After nineteen hours of travel, a stop in Singapore, and an estimation that I had peed in at least 5 time zones in a 24 hour span (certainly a personal best), I was in a daze as I stepped out of the Hanoi airport to catch the no. 86 bus into central Hanoi.
I often find that people’s descriptions of places, especially first impressions, are rooted in hyperbole. Except Anthony Bourdain, he f*cking nailed it. The smell of grilled pork in the distance mixed with the pungency of motorbike fumes and still somehow a tinge of fresh air. Parts Unknown was right on the money with this one, and it was only the beginning.
As the bus motored on down the highway, the “meep meep” of a scooter passing by could be heard as it got more and more regular entering the city centre. It was a rainy morning and the roads were slick but this didn’t stop families of three or four people, sometimes with the family pet onboard from motoring along on their little Honda scooter, taking corners at alarming speeds and weaving in and out of the natural flow of traffic.
Hanoi is a city that when viewed from afar seems like chaos of the highest order. Mopeds, trucks and pedestrians weaving in and out of traffic in a seemingly random set of rules. Vendors of all sorts of food, clothing and other assorted trinkets set up wherever they can find space, spooning noodle soup out of large cauldrons on the side of the road. Up close, however, the chaos begins to fade as you realise how ordered it really is.
Traffic, although seemingly random, has it’s methods and it’s, shall we say, guidelines to it. This becomes abundantly clear when you first cross a major street. Walk steady, with purpose and the traffic flows around you like water around a rock in a stream. The thing most noted is that although there is noise everywhere, very little of it seems to be aggressive in any way, just more of a simple “just letting you know I’m here” sort of way. Even on Train Street, where patrons set up stalls and break them down away from the tracks, three or four times a day when the trains role through, has an order to it that seems almost rhythmic.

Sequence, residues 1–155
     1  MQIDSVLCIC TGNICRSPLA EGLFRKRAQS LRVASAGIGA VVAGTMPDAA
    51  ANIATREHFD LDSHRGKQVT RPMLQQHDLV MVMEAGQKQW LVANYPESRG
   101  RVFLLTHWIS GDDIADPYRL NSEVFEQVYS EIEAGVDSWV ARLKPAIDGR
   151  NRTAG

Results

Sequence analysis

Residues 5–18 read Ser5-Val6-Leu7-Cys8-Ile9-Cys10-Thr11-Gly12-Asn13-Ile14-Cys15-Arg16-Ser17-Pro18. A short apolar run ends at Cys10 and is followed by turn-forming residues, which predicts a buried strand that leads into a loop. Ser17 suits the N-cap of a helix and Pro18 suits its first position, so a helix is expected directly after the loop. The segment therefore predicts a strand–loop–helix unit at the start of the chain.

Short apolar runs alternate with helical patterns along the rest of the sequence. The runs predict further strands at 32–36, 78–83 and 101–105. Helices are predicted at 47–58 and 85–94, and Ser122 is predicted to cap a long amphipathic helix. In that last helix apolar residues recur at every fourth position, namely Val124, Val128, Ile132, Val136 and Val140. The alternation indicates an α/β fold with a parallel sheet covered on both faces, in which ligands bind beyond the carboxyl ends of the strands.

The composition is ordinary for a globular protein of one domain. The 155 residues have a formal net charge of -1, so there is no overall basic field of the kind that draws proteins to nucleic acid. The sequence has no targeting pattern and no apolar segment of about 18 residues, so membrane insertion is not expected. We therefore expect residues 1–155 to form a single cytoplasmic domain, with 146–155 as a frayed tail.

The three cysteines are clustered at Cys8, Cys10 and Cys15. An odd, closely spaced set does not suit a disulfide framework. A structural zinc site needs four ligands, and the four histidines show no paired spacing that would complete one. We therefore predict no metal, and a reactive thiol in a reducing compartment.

Shops appear random until you notice each little street has a theme. Flower streets, shoe streets, hardware and other DIY items, clothing and streets of nothing but restaurants and places that turn into the infamous Bia Hois at night (Bia Hois are a Hanoi institution where kegs are brought out by the street and served on the cheap to anyone sitting nearby in the hastily arranged plastic kiddie furniture that dots the city streets at night).
And the food, my goodness the smells as you walk past the stalls. Morning smells of beef broth from the simmering of Pho noodle soups, afternoons and evening smells of duck, pork and fish mixed with lime, red chili’s and fresh lemongrass in assorted different combinations is enough to keep you exploring the city just by following your nose.
Vietnam is a place that has only semi-recently become a common place for travellers to visit, especially backpackers and that is evident in the people who are friendly in a still-curious sort of way. Hanoi is certainly more used to Westerners due to it’s proximity to Ha Long Bay, Vietnam’s biggest tourist destination, but it seems to have not yet become weary of constant tourism like sadly places like Thailand and Cambodia have to a larger degree.
It is safe to say that thirty-six hours is not enough time to see all there is to see in a city of seven million people however, Hanoi, you have certainly captured me and I am certain that before long I’ll be back to you again.